This year for Christmas I got some lovely things and one not so lovely thing – a week long flu virus. So instead of the 2.5 weeks of holiday I thought I had with some of that devoted to sewing projects, I ended up with a week less of it.
At least I could surf image databases while laid up on the couch, and pin them to my Pinterest boards. The Clothing of the Low Countries board now has a variety of images from the Museum Boijmans van Beuningan.
This also let me look at a variety of images in one hit and draw some conclusions, even in my foggy-brained state:
- Clothing of France and the Low Countries are very similar until about 1480 when they start to diverge, with the Low Countries attire becoming that interesting hybrid of French and German fashion, possibly as a result of Mary of Burgundy marrying Maximilian.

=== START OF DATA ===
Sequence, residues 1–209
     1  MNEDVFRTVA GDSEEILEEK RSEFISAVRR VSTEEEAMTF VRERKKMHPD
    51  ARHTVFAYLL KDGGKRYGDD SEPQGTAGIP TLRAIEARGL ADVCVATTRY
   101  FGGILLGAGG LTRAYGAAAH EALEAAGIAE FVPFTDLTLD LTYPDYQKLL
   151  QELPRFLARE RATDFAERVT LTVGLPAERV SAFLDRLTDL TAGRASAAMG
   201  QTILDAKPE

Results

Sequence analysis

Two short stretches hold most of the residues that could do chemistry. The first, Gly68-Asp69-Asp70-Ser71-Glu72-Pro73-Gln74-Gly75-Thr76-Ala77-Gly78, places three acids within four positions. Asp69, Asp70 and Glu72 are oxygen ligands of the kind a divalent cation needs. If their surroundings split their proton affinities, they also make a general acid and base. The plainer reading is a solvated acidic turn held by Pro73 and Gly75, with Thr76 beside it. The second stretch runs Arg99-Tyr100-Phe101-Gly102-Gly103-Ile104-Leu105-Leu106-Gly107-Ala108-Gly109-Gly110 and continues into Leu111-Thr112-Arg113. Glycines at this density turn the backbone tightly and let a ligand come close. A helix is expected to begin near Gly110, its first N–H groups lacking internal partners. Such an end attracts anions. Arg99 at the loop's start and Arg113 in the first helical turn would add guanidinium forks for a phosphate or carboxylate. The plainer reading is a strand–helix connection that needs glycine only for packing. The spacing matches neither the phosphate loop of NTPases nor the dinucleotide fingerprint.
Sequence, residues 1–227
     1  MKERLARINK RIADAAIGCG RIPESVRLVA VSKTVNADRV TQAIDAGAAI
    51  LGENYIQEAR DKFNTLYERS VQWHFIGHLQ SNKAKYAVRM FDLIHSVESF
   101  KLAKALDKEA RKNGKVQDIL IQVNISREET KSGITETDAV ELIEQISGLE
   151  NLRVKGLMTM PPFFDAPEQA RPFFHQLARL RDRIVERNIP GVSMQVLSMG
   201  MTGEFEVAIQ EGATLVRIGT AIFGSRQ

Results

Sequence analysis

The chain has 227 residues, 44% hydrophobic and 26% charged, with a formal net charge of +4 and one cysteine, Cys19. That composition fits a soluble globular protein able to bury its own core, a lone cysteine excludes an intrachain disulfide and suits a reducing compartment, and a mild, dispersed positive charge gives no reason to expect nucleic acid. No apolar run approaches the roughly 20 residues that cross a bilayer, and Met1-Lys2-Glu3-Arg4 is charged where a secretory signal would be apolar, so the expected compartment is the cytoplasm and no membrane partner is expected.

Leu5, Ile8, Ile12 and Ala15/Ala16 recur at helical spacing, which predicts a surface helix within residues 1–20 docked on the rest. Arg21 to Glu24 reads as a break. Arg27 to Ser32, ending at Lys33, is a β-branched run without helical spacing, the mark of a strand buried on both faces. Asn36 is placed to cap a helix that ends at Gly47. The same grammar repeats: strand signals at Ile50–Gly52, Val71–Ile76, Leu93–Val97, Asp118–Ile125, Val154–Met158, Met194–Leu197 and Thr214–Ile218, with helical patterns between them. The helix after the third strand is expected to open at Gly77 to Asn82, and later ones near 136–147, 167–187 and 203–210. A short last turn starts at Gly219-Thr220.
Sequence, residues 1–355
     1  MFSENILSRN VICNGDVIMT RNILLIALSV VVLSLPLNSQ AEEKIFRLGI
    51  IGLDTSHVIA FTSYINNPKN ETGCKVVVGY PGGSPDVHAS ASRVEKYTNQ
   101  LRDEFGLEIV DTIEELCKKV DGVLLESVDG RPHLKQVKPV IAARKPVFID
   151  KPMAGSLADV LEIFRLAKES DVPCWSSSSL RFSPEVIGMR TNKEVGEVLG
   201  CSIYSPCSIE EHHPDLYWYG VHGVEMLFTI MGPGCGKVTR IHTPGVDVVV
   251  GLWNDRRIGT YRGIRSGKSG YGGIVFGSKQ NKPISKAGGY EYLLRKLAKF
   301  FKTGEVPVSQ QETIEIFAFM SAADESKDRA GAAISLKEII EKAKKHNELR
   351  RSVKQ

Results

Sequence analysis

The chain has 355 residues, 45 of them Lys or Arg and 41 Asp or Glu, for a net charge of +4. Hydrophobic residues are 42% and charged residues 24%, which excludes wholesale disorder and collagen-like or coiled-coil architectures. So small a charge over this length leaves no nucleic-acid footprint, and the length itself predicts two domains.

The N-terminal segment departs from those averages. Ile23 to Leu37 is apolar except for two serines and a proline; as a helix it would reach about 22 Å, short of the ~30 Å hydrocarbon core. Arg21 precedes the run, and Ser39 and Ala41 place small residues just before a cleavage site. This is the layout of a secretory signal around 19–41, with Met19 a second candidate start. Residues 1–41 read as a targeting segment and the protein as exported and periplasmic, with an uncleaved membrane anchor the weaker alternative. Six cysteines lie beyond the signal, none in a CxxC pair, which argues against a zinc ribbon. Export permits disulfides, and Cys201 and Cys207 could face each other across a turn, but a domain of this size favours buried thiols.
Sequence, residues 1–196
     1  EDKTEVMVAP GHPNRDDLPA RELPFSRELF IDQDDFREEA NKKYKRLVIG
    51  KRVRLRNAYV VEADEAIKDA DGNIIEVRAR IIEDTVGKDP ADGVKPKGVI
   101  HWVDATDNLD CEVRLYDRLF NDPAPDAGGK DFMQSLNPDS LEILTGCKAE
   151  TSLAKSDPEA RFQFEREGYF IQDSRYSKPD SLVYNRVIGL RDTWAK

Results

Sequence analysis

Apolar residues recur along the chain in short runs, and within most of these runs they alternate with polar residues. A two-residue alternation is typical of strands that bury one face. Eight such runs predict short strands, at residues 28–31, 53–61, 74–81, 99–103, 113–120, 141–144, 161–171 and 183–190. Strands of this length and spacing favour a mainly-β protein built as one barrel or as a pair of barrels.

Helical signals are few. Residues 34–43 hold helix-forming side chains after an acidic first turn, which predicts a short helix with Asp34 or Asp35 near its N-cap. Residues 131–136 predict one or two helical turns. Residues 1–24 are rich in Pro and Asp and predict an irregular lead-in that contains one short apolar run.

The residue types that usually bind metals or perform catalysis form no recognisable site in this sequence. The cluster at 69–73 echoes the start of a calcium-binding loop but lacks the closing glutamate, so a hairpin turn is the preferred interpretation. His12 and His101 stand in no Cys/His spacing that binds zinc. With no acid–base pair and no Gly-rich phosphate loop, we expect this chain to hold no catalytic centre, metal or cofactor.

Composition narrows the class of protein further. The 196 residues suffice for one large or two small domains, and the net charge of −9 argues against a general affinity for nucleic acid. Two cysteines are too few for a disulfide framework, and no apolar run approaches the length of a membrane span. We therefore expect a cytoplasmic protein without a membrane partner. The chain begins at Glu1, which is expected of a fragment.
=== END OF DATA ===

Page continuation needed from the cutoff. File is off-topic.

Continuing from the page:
- Women’s stockings are predominantly black, not white.
- Pointed toe black ankle boots are relatively common for this period.
I’ve also created separate themed boards from some projects I’m working on in the next few months:
- One on those crazy duck billed cloaks the Dutch wear, variously called a Hoik, huik, heuk, or heuke
- Examples of a contrasting edge on necklines of transition era gowns (from France, Flanders or the Netherlands)
- Franco-flemish & Netherlandish transition gowns : V necks and wraps
- Netherlandish white hood variants, also called a Flemish hood, hovetcleet (Old Dutch) or sluierkap (modern Dutch)
- And of course the two specialised boards I’ve previously set up, 15th century Flemish kirtles and Lucas van Leyden